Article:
Trouble with the letters of the law

BUNHILL

BEFORE Christmas we ran an alternative quiz which, you may remember, identified less well known meanings for acronyms such as ICI and BBC (Internet Central Indiana and Bolder Bicycle Commuter).

No sooner had the last drop fallen from Bunhill's quill than a real-life acronym war broke out in the alphabet-strewn world of British trade organisations. Solicitors for the Freight Transport Association (FTA) sent a letter to the Fork Truck Association (FTA), which until last week was the Fork Truck Hire Association (FTHA). "We are saying they are passing themselves off as us," a spokesman for the Freight Transport Association says, adding that his organisation covers the training of forklift truck drivers. "It's very silly."

Barry Lea, secretary of the new FTA, is unrepentant. "We dropped the word hire because it was no longer appropriate. We knew the Freight Transport Association existed, but we also knew about the Flotation Tank Association." Any number of organisations share the same initials, he says. He should know: one of the companies he runs is called Comfort Building Services, and he has yet, he says, to receive a writ from a well-known American broadcaster.

BUNHILL is against acronyms: this column would look pretty silly if it were called "B". The longer the name the better, which is why I was upset to see that Knight Frank and Rutley have decided to give Rutley the boot.

Nameless terror

MY CHARTERED surveying mole tells me that companies in his profession have an irresistible urge to lose bits of their names. This must be upsetting for the families of the excommunicated founders - May and Rowden, abandoned by Hillier Parker; Rawlence and Squarey, dumped by Humbert Flint; the exotic Eiloart Inman and Nunn, kicked out by Daniel Watney. Someone, my chum suggests, should honour them by starting a company called May, Rowden, Rawlence, Squarey, Eiloart, Inman and Nunn.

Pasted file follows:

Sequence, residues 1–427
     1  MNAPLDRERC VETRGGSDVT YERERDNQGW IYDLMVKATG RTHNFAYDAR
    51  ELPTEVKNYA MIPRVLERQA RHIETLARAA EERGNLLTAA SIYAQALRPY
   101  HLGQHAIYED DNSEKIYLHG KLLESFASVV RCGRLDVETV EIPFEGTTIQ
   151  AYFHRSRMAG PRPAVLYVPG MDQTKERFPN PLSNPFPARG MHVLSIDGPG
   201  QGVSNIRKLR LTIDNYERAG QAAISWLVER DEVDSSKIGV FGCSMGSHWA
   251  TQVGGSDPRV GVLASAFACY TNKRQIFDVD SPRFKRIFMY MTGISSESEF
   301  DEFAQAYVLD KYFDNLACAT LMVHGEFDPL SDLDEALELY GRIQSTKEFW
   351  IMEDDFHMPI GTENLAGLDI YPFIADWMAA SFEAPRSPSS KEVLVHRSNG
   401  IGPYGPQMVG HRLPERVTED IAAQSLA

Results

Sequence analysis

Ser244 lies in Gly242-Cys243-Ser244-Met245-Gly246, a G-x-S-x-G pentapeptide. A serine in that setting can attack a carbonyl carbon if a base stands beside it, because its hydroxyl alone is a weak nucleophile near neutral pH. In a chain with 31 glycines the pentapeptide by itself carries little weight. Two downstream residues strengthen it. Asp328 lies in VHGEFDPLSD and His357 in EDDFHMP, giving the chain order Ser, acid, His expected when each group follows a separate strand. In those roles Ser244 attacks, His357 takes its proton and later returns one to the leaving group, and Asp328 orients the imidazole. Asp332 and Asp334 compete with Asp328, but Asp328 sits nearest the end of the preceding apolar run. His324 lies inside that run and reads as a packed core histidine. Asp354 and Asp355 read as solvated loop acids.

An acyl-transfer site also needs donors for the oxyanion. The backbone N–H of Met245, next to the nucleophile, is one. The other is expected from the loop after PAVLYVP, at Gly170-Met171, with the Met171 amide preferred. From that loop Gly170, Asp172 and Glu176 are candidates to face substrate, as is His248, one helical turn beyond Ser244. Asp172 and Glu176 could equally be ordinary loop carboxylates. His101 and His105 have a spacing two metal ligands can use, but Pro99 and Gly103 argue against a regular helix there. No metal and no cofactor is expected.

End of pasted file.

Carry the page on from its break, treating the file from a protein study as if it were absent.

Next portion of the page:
You may already have spotted that the logo below is part of this story. There are two names but three heads - because this chartered surveyor decided it wanted rid of its third name, but could not bear to change the logo. This is especially sad because the nameless head is that of John Postlethwaite of Liverpool. Why on earth the company thought boring old Matthews and Goodman deserved to survive more than a Postlethwaite, goodness only knows. But it is not too late - bring back Postlethwaite, I say, and you will have a more interesting name and a logo that makes sense.

THIS IS the time of year when Veuve Clicquot starts looking for its Businesswoman of the Year. It does this because, it claims, Nicole Clicquot was the first female tycoon.

She was widowed when she was young, took over her husband's vineyard and did wonderful things with the champagne - not least inventing the remuage technique that makes it so clear. She also had an energetic sales representative in St Petersburg during the Napoleonic War - when France was at war with Russia. His diligence paid off: when Clicquot finally got through in 1814, it swept the imperial market.

Madame Clicquot, who died at 89, is still world- famous. The same sadly cannot be said of many past winners of her award. I confess that I have heard of only half a dozen of the British winners in the past 22 years. The champagne glass ceiling remains unsmashed, it seems.

Party list

IT'S encouraging to see that the old days of political patronage are not quite dead. I was immensely cheered to see that Graham Kirkham, well known for his support of the Conservatives, was given a knighthood last weekend for "charitable services to the Duke of Edinburgh's Award and to the Animal Health Trust". It was also nice to see that Paul Judge, management buyout multimillionaire, backer of the much lamented Management Week magazine and former director- general of the Conservative Party, has finally got his K.

But the sad truth is that an in-depth Bunhill investigation - well, glancing at the New Year honours lists for the past five years - shows the principal qualification for a business knighthood is to run a big company. The half-dozen handed out each time are dominated by the likes of Richard Greenbury of Marks and Sparks, Brian Pearse of Midland Bank, Iain Vallance of BT. Not many of them are even known for giving dosh to the Tories. It's tedious, I know, but your best bet for a gong seems to be to work your way to the top of a multinational. Better start slogging now.

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